The school year is ending. Parents are contemplating summer camps, sunscreen, and kid-friendly vacations, yet Congress has made precious little progress on updating the 10-year-old No Child Left Behind law. School districts are anxious; they are dangerously close to being penalized through outdated student achievement measurements that a new law would fix.
President Obama has called for lawmakers to rewrite No Child Left Behind by the start of the new school year. Now he’s giving them the second warning before sending them to the principal’s office: Do your job or we’ll do it for you.
Education Secretary Arne Duncan announced Sunday that the administration is preparing a new set of regulations that will offer federal waivers to states that commit to certain education reforms. The regulations will give states relief from some of the more onerous requirements under No Child Left Behind while at the same time nudging them to adopt policies similar to those the administration has championed under its Race to the Top competitive grant program.
It’s a regulatory patch job for a problem that Congress is better equipped to solve. It also illustrates the sheer frustration of people in Washington who want to see policymaking in action but are stymied by the lack of willpower in Congress.
Education isn’t the only place where this is happening. A bipartisan, revenue-neutral aviation bill (you read that right—it means people in both parties agree, and it costs no taxpayer money) has been languishing on Capitol Hill all year and has endured 19 stopgap extensions since it expired in 2005. A six-year surface transportation bill is headed for the same fate, likely needing another extension at the end of September.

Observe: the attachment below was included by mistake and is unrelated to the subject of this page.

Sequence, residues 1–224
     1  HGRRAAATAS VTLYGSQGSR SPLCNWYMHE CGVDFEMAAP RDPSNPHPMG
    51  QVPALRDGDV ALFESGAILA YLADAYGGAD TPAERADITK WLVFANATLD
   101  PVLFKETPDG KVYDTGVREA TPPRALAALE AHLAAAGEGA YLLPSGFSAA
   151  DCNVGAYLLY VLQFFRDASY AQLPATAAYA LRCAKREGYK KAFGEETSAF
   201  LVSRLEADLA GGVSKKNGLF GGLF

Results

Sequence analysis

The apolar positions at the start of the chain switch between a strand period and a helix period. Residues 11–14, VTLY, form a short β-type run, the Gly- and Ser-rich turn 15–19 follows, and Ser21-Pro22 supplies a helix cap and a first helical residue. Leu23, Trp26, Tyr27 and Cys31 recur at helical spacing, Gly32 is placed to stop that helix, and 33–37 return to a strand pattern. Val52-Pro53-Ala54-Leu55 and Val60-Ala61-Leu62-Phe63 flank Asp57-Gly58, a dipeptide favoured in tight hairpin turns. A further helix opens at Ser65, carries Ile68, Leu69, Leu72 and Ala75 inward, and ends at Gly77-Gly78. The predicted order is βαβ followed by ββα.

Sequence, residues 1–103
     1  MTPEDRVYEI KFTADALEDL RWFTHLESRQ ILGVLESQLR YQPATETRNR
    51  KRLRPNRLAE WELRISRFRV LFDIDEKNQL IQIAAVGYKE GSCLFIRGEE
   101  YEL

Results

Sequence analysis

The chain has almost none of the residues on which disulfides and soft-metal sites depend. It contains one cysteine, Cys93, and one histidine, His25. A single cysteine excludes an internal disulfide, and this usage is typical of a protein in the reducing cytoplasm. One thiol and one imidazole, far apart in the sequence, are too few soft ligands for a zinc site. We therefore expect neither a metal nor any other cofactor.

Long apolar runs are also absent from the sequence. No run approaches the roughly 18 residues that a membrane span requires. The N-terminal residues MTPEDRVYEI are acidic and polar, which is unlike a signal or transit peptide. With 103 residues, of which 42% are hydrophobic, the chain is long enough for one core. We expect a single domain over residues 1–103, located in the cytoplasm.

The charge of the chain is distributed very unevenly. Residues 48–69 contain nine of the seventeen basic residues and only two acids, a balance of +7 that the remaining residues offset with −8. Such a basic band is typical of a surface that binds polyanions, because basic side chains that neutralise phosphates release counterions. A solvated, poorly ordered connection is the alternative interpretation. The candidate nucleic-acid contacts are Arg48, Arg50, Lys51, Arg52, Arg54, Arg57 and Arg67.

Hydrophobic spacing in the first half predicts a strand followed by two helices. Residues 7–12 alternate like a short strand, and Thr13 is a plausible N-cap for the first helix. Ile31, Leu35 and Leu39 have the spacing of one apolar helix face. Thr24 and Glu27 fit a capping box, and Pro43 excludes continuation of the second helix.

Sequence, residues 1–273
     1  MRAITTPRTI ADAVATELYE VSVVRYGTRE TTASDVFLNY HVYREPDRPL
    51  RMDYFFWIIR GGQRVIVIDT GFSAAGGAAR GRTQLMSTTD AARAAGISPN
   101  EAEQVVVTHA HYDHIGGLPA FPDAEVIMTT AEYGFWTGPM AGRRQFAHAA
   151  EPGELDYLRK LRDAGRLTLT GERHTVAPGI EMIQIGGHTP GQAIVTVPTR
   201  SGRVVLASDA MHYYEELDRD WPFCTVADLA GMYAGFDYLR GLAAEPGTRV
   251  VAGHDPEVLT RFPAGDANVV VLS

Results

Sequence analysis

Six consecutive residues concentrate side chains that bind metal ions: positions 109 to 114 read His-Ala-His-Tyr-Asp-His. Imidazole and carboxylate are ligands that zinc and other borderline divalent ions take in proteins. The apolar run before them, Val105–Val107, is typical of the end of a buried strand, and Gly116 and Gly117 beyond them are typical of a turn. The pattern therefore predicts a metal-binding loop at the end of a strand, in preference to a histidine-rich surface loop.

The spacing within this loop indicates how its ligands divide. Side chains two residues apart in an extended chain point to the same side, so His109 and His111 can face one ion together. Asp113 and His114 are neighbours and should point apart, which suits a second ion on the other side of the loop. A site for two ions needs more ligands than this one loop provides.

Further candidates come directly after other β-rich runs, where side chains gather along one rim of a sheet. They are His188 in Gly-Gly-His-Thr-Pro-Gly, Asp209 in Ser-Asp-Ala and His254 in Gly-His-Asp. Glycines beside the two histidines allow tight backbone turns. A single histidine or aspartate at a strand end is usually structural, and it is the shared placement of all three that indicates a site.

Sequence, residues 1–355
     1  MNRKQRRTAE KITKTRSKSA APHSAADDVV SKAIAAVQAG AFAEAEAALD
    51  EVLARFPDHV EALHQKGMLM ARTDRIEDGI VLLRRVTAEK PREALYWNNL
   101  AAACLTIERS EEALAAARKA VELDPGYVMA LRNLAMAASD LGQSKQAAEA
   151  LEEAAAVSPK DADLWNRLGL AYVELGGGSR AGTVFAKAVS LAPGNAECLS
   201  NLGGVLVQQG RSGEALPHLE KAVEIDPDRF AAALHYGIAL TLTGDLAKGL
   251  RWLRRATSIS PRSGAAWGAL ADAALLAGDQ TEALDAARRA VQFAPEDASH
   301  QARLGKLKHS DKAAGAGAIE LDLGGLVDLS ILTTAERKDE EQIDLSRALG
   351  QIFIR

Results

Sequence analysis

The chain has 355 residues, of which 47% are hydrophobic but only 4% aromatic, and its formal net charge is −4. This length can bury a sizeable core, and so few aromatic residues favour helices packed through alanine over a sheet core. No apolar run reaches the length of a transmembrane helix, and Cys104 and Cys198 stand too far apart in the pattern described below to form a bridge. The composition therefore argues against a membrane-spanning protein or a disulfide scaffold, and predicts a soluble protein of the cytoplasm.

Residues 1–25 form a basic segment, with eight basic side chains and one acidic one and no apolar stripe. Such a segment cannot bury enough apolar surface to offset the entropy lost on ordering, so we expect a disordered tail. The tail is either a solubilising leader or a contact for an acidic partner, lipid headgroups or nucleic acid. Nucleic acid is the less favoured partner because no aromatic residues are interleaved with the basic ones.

When it comes to education, lawmakers on Capitol Hill have given no indication that they will come even close to meeting Obama’s deadline in drafting—let alone passing—the complex law before they go home in August. The House and Senate education committees have been talking to each other for years about such a measure, but they have since stopped. It’s hard to get a clearer warning sign that the bill is going nowhere.
Even if lawmakers showed progress on a No Child Left Behind update (which also passed on an overwhelmingly bipartisan basis), the bill could prove politically contentious if it touches sensitive sacred cows like vouchers, charter schools, or merit pay for teachers.
That leaves the administration scrambling for a regulatory scheme that accomplishes at least some of the same goals in updating the law. Even Duncan admits it’s not the perfect solution. “My top priority is to reauthorize No Child Left Behind through the legislative process,” Duncan said. On that point, at least, there is no disagreement with Congress. “I believe that the best way to address this issue is with legislation to fix No Child Left Behind and remain committed to that legislative approach,” said Senate Health, Education, Labor, and Pensions Committee ranking member Mike Enzi, R-Wyo.
Education Department officials say they are giving lawmakers fair warning. It will take a few months to finalize the waiver criteria for states, although it’s a safe bet that the standards will look a lot like the criteria for the Race to the Top program. In theory, Congress could get on the stick and pass something before then.
Duncan also is giving the states fair warning to prepare for the waiver program. He gave a few hints at what he is looking for in his announcement, highlighting labor-management collaboration, laws that establish new teaching standards, and “the next generation of assessments that will replace today’s fill-in-the-bubble tests.”
The nuts and bolts of the waiver program may be less important than the overall message that the nation’s policymakers are lagging behind the needs of the rest of the country. “I believe that schools need relief from No Child Left Behind’s unreasonable rules. We need to make these changes on real people time, not Washington time,” Duncan said.